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The Rake

The Rake Febuary 2019 - Issue 62

The world’s preeminent publication dedicated to the renaissance in gentlemanly sophistication and style, THE RAKE recaptures the codes of classic men’s elegance. Inspired by icons such as Cary Grant, Fred Astaire, the Duke of Windsor, Gianni Agnelli, Sean Connery, and their contemporary counterparts, THE RAKE provides incisive, in-depth commentary on magnificent menswear, and the many other elements of gentlemanly living, from manners and ethics, to art and design, tasteful travel, health and well-being, the intellectual and philosophical, to homes, modes of transport, entertainment, food and drink. THE RAKE is the modern voice of classic elegance.

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letter from the founder

I once said that the man you see on the cover of this magazine should reflect back to you the person you would like to be. I meant that the individual gracing the front-facing real estate of this tome should be a self-made man, a man who has grown more elegant and into his most pure, essential self as he has got older, and most importantly a man who has lived a life uncompromised, who could walk away from all he had accomplished knowing his ethics and integrity were intact. But I was wrong. Because what I’ve discovered is that the term ‘rake’ as we define it — an individual who, having mastered the rules, bends them to their indomitable will with aplomb and class — has no gender. This…

letter from the editor

Julianne Moore says, and I quote, “Tom is such a lovely, gentle, wonderful soul, so incredibly sensitive and empathetic, patient; I loved working with him.” Which was nice of her. Alas, she wasn’t talking about me. Rather, about a fellow cover star of the magazine and the man largely responsible for the revival of sartorialism in this millennium: Tom Ford. His tastes and style have re-turfed the landscape that accommodates formal clothing, his brand has encouraged intelligence in the pursuit of beauty, and the casting of Moore in A Single Man was perhaps the best manifestation of Ford’s genius. So what does that say about us in asking Julianne to be the first woman to appear on the cover of The Rake? Well, leaving aside the fact that showcasing the most…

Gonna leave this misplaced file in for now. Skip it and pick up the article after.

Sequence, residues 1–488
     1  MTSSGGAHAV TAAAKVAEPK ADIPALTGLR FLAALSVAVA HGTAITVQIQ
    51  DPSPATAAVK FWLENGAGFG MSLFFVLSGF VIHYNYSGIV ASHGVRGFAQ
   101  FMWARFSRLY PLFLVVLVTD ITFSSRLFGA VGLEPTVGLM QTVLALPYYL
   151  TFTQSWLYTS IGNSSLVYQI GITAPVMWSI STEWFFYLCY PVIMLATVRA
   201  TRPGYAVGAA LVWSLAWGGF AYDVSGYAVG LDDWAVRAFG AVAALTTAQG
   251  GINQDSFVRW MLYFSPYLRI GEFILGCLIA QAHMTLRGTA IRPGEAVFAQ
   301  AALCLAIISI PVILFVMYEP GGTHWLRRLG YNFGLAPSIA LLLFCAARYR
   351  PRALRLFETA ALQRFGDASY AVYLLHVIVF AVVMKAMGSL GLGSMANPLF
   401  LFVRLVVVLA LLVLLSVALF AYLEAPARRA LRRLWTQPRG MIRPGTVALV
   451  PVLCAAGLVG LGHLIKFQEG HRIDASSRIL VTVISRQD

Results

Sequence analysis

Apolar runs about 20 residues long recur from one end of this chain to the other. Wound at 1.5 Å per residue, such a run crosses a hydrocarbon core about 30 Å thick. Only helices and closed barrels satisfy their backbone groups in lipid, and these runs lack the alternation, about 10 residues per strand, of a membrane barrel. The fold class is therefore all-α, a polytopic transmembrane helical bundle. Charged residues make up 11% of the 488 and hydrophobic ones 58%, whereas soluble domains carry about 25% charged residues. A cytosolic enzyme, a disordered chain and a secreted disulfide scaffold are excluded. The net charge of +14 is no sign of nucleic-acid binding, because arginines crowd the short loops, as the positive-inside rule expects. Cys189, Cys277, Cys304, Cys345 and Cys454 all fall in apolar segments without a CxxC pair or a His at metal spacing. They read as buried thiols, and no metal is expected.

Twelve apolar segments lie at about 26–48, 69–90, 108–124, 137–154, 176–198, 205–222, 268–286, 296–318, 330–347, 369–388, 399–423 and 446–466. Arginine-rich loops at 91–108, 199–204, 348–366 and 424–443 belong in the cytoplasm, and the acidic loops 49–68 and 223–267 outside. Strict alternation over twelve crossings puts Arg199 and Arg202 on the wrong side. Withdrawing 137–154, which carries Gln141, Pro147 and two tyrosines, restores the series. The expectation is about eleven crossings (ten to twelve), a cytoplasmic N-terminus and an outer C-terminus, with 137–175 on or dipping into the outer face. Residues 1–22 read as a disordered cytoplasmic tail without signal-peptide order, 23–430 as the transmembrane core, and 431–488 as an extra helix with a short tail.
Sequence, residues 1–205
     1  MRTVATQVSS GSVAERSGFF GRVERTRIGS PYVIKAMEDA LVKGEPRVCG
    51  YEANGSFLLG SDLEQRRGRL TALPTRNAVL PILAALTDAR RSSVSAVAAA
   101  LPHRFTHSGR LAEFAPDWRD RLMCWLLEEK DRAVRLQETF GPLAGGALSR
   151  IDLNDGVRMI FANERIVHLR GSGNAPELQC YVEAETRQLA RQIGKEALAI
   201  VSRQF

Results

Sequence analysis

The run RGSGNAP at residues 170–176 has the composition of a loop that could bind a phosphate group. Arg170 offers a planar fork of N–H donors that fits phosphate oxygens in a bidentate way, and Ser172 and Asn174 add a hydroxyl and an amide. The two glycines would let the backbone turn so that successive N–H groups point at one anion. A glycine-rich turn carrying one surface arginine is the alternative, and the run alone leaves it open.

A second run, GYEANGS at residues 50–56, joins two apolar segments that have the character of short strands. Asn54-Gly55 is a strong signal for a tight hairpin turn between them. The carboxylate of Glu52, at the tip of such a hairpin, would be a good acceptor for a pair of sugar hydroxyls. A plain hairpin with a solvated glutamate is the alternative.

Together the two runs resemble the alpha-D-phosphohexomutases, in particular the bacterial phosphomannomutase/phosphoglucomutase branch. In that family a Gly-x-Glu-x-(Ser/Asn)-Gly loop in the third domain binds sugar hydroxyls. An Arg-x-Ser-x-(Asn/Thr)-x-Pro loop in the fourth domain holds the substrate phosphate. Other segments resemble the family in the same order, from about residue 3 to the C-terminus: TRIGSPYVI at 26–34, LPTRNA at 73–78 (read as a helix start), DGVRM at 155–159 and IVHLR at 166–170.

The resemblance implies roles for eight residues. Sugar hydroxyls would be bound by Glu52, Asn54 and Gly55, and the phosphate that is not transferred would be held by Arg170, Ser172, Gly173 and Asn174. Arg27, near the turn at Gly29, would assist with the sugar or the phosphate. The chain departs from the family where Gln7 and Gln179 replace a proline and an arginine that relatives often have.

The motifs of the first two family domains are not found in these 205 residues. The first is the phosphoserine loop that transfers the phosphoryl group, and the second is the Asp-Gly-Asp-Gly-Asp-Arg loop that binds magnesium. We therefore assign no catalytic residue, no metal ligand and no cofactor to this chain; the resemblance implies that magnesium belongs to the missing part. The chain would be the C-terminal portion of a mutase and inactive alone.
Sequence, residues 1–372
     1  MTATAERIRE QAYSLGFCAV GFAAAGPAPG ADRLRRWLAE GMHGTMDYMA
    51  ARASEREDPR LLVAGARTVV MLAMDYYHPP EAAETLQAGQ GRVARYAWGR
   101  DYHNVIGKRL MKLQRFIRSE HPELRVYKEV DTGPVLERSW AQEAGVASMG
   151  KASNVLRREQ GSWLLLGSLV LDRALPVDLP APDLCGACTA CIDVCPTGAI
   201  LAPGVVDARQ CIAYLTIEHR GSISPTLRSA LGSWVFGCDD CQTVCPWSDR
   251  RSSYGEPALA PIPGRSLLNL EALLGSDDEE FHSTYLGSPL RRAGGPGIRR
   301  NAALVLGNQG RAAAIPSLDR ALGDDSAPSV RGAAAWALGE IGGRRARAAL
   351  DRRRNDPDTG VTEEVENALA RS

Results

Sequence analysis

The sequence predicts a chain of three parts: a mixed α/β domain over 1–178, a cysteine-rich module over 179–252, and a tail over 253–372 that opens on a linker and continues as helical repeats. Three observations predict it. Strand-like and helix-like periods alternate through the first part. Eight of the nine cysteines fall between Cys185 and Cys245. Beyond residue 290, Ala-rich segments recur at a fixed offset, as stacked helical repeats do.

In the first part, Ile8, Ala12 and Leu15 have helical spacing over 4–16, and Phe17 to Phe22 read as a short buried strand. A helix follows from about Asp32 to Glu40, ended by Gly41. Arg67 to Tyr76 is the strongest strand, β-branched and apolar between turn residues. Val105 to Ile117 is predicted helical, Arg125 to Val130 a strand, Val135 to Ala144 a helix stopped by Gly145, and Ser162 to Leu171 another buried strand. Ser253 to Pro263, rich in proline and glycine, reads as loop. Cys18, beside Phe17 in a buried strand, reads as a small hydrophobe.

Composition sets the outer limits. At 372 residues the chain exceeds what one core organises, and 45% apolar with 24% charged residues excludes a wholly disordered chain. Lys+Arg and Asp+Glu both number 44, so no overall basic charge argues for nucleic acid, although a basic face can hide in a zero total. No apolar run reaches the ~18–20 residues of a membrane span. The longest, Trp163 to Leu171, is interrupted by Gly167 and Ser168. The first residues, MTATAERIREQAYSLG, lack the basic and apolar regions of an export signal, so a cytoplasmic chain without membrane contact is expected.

RICHARD PHIBBS Canadian-born Phibbs brings an artist’s eye to every photograph he takes, in advertising and editorial, fine art and his personal projects. His work has appeared in major publications including Vanity Fair, Harper’s Bazaar U.K., Vogue China, Town & Country U.K., GQ Russia, and Elle Decor. He has shot advertising campaigns for iconic brands such as Giorgio Armani, Ralph Lauren and Calvin Klein, and his fine art photography is in the private collections of Bill Clinton, Ralph Lauren, Francis Ford Coppola and Anderson Cooper, among others. Phibbs’s portraits present subjects as varied as Meryl Streep and Rafael Nadal, Beyoncé and Hillary Clinton with a poignant intimacy. His visual sensibility gives his film work the same distinctive point of view that is his print trademark. In this issue Richard has captured the…

a symbol of new womanhood

In March last year, an announcement was made that seemed to clear up a mystery that, despite persisting for the best part of a century, had lost none of its potency. The journal Forensic Anthropology claimed that an assortment of bones found on the eastern Pacific island of Nikumaroro in 1940, including a skull, were “a 99 per cent match” for those of Amelia Earhart, the pioneering aviator who had become the world’s most famous missing person when she disappeared — along with her navigator, Fred Noonan — on July 2, 1937, during an attempt to circumnavigate the equator in her twin-engine Lockheed Electra. Alongside the bones were a woman’s shoe, a navy tool used by Noonan, and a bottle of the herbal liqueur Benedictine — apparently Earhart’s airborne beverage…

rake commends: hong kong

My love affair with Hong Kong began when I read James Clavell’s Tai-Pan as a teenager, before I visited this fantastical city for the first time. I am now fortunate enough to visit Hong Kong three or four times a year, mainly for work, and my connection with the city has bloomed into a wonderful relationship over the years. Hong Kong is unique because it blends Asian and Chinese life with British and western culture in an exciting and balanced way, and in many ways I consider it to be the New York of the east — albeit in a more concentrated form. My go- to guide for visiting Hong Kong is as follows: The Mandarin Oriental in the Central district is like a home away from home. Not only has…

strife through a lens

Just how starkly oxymoronic the phrase ‘female war photographer’ was during world war II is neatly encapsulated by a comment made by a United States Marine Corps general to Dickey Chapelle during the battle of Okinawa. Chapelle, camera poised to capture the troops’-eye view of a blood delivery at an army field hospital, had ignored direct orders not to go ashore from the U.S.S. Relief, and the first words she encountered emanated from the lips of an incredulous commander: “Get that broad the hell out of here!” Chapelle’s talent jumps out from her body of work — a vast repository of gritty, acutely provocative work documenting humanity and violence: panoramic shots of U.S. helicopters flying over Vietnamese rice fields in 1961; executions by Algerian rebel firing squads; a U.S. marine sat…